New Publication in Science Advances!


Superconducting nanowires serve as highly sensitive detectors for single protein ions at low energy

Marcel Strauß, Armin Shayeghi, Martin F. X. Mauser, Philipp Geyer, Tim Kostersitz, Julia Salapa, Olexandr Dobrovolskiy, Steven Daly, Jan Commandeur, Yong Hua, Valentin Köhler, Marcel Mayor, Jad Benserhir, Claudio Bruschini, Edoardo Charbon, Mario Castaneda, Monique Gevers, Ronan Gourgues, Nima Kalhor, Andreas Fognini and Markus Arndt

Science Advances 9, 48 (2023), DOI: 10.1126/sciadv.adj2801

What has been achieved?

The detection, identification, and analysis of macromolecules is interesting in many areas of life sciences, including protein research, diagnostics, and analytics. Mass spectrometry is often used as a detection system – a method that typically separates charged particles (ions) according to their mass-to-charge-ratio and measures the intensity of the signals generated by a detector. This provides information about the relative abundance of the different types of ions and therefore the composition of the sample. However, conventional detectors have only been able to achieve high detection efficiency and spatial resolution for particles with high impact energy – a limitation that has now been overcome by an international team of researchers using superconducting nanowire detectors.

In the current study, a European consortium coordinated by the University of Vienna, with partners in Delft (Single Quantum), Lausanne (EPFL), Almere (MSVision) and Basel (University), demonstrates superconducting nanowires as excellent detectors for protein beams in quadrupole mass spectrometry. The protein ions are electrosprayed and filtered by a quadrupole mass spectrometer. "If we now use superconducting nanowires instead of conventional detectors, we can even detect proteins with low kinetic energy," explains project leader Markus Arndt from the Quantum Nanophysics Group at the Faculty of Physics at the University of Vienna. This is made possible by a special material property (superconductivity) of the nanowire detectors.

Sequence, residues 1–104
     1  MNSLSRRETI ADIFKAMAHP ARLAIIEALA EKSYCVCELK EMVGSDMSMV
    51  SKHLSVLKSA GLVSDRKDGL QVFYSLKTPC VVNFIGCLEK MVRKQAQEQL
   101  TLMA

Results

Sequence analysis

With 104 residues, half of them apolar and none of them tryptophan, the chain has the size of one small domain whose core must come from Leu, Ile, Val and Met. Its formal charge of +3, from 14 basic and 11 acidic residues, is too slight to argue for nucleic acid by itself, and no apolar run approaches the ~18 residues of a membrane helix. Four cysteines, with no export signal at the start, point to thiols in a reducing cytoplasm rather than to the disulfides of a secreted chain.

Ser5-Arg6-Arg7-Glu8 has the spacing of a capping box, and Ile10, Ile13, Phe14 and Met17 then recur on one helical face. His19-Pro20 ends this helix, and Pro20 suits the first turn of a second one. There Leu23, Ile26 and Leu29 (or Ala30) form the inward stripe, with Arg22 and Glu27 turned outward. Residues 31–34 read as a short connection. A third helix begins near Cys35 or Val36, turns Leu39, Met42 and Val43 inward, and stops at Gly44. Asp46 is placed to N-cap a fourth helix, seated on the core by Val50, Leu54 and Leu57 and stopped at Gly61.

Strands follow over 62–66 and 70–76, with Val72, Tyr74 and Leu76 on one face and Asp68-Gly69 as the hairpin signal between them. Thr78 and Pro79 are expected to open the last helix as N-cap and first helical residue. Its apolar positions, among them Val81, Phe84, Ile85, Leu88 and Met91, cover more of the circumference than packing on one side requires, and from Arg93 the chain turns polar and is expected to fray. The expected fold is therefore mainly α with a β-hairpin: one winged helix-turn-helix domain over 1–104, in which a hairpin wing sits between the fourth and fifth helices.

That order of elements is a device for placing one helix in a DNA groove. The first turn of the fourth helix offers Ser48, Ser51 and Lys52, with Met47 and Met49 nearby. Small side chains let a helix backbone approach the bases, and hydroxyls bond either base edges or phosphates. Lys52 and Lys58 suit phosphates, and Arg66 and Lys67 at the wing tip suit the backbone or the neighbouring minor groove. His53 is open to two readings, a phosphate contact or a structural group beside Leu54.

The key to this detection method is that nanowires enter a superconducting state at very low temperatures, in which they lose their electrical resistance and allow lossless current flow. Excitation of the superconducting nanowires by incoming ions causes a return to the normal conducting state (quantum transition). The change in the electrical properties of the nanowires during this transition is interpreted as a detection signal. "With the nanowire detectors we use," says first author Marcel Strauß, "we exploit the quantum transition from the superconducting to the normal conducting state and can thus outperform conventional ion detectors by up to three orders of magnitude.”

Indeed, nanowire detectors have a remarkable quantum yield at exceptionally low impact energies – and redefine the possibilities of conventional detectors: "In addition, a mass spectrometer adapted with such a quantum sensor can not only distinguish molecules according to their mass to charge state, but also classify them according to their kinetic energy. This improves the detection and offers the possibility for have better spatial resolution," says Marcel Strauß. Nanowire detectors can find new applications in mass spectrometry, molecular spectroscopy, molecular deflectometry, or quantum interferometry of molecules, where high efficiency and good resolution are required, especially at low impact energy.


Single Quantum is leading the research on superconducting nanowire detectors, the experts from EPFL-Lausanne provide the ultracold electronics, MSVISION is a specialist in mass spectrometry, and the experts from the University of Basel are responsible for chemical synthesis and protein functionalization. The University of Vienna brings together all the components with its expertise in quantum optics, molecular beams and superconductivity.


The work was funded by the European Commission as part of the SuperMaMa project (860713), which is dedicated to research into superconducting detectors for mass spectrometry and molecular analysis.

Funding from the Gordon & Betty Moore Foundation (10771) contributed to the analysis of the modified proteins.

Link to the Explainer Video of the SuperMaMa project!

Link to project Interviews and Animated Videos!

Press Release: Quantum physics: Superconducting Nanowires Detect Single Protein Ions



Counting single proteins with a superconducting nanowire. The background and nanowire are altered in Photoshop with the Generative Fill AI. (Human Insulin PDB:3I40)